Ultimately, the treatment required will depend entirely on the issue found. For example, antihistamines and decongestants are common for allergies and postnasal drip while antibiotics will be the best solution for infections. Furthermore, acid blockers would be advised for acid reflux although surgery is an option for the more severe cases.
Elsewhere, cough suppressants might be issued if the doctor cannot find the reason for the cough. If the cough is preventing you from sleeping and severely affecting your life, this solution should see you through until test results are returned and the doctor can work towards a proper treatment to get you back on your feet.
If you have a dry cough that doesn’t seem to be disappearing or if you’re coughing up blood, get in contact with your doctor today and you can have the problem treated rather than living with a potentially dangerous health condition.
With smoking as the most common cause in today’s society, leukoplakia will see the recipient experience white patches all over the tongue. In addition to the tongue, some also experience these thick patches in the lining of their mouth. If the issue isn’t too serious, it should go away within just a few days but it should also be noted that it can be a sign of something more worrisome such as oral cancer. With this in mind, it’s important to get in contact with a doctor if the problem doesn’t clear after a few days.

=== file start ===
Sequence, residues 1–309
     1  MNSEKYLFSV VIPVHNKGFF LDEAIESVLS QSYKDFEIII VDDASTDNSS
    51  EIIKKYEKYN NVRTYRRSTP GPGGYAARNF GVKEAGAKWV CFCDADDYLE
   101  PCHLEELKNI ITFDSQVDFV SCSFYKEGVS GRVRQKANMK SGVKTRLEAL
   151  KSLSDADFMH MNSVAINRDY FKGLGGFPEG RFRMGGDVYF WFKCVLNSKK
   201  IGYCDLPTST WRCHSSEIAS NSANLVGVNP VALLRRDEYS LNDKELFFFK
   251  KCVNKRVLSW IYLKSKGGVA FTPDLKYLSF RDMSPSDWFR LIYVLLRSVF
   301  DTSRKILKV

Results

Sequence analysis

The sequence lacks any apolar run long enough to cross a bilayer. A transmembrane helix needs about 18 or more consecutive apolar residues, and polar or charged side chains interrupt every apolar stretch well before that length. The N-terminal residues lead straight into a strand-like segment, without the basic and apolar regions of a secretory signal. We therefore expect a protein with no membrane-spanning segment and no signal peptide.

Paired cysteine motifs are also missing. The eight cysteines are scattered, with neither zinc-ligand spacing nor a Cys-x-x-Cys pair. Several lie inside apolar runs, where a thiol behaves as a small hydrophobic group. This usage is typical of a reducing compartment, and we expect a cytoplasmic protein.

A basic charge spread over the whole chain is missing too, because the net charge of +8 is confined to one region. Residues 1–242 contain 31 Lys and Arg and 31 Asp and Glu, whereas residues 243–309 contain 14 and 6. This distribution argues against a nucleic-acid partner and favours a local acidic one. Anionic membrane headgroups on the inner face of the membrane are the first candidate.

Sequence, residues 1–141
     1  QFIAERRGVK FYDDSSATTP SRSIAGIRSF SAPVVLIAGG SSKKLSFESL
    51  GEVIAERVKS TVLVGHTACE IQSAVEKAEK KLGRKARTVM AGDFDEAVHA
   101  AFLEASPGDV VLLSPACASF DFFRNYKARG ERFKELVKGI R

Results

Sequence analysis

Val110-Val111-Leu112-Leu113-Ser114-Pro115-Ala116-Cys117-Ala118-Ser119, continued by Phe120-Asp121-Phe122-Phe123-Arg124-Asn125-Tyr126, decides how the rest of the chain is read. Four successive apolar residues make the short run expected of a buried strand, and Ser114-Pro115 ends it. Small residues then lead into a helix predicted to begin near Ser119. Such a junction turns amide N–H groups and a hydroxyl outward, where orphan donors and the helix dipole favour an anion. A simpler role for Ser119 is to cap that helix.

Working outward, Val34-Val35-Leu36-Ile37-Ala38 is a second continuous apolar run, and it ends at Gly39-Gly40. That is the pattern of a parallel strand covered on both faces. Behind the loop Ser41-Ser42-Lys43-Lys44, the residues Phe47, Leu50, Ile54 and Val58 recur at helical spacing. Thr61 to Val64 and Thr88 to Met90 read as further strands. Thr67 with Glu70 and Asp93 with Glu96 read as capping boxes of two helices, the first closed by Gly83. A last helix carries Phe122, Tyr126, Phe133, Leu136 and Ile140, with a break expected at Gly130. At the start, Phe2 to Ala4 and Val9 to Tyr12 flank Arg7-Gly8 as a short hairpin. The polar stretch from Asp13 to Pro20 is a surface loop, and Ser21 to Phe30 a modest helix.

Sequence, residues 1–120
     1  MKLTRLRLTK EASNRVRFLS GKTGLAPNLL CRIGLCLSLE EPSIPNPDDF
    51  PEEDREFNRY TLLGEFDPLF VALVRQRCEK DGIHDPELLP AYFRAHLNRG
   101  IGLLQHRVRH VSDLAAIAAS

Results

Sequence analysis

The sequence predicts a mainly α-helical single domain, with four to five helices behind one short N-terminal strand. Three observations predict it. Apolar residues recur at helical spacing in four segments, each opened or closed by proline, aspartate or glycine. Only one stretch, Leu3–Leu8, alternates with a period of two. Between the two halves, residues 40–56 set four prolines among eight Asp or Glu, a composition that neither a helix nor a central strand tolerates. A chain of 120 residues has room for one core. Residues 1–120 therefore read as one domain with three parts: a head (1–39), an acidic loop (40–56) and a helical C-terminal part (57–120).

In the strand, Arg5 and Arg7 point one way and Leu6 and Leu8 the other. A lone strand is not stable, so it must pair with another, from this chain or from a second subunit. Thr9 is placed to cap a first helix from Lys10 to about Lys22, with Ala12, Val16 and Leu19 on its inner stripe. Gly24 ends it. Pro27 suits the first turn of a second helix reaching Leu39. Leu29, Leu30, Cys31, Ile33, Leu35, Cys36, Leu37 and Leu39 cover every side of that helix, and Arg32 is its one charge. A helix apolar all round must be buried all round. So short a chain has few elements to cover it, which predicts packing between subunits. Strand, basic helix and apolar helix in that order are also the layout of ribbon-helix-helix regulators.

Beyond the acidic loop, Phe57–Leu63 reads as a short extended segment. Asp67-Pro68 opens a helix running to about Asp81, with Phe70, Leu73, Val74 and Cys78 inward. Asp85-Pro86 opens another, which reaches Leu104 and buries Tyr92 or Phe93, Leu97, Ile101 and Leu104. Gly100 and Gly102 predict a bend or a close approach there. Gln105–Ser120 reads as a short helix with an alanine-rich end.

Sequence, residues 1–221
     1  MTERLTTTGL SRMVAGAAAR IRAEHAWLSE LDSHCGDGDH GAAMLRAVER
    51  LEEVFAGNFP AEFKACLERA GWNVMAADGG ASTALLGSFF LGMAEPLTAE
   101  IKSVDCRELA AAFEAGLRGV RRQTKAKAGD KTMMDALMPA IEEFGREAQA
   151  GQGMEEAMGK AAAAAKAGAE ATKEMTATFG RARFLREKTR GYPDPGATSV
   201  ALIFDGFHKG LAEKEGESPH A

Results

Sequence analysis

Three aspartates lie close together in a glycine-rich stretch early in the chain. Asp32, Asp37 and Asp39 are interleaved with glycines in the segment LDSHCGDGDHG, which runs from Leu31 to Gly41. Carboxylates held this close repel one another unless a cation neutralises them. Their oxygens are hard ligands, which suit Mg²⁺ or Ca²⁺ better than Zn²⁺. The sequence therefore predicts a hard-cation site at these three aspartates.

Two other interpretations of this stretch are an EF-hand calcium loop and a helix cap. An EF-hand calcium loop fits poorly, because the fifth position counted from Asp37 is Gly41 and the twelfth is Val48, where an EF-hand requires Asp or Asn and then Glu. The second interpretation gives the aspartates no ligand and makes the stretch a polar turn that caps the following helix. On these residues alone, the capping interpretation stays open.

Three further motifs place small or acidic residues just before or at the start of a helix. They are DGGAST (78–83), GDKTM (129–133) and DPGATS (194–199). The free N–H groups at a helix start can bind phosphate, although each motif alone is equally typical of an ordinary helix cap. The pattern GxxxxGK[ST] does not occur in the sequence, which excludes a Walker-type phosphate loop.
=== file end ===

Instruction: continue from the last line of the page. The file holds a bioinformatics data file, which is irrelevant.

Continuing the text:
Today, we’re going to look into the main causes of leukoplakia as well as the symptoms (so you know what to look for) and how it gets treated!
Causes of Leukoplakia
Despite all the advancements we’ve seen in technology in recent years, we still don’t know exactly why these white spots appear. However, we do know that tobacco exacerbates the problem; this can be both chewing and smoking.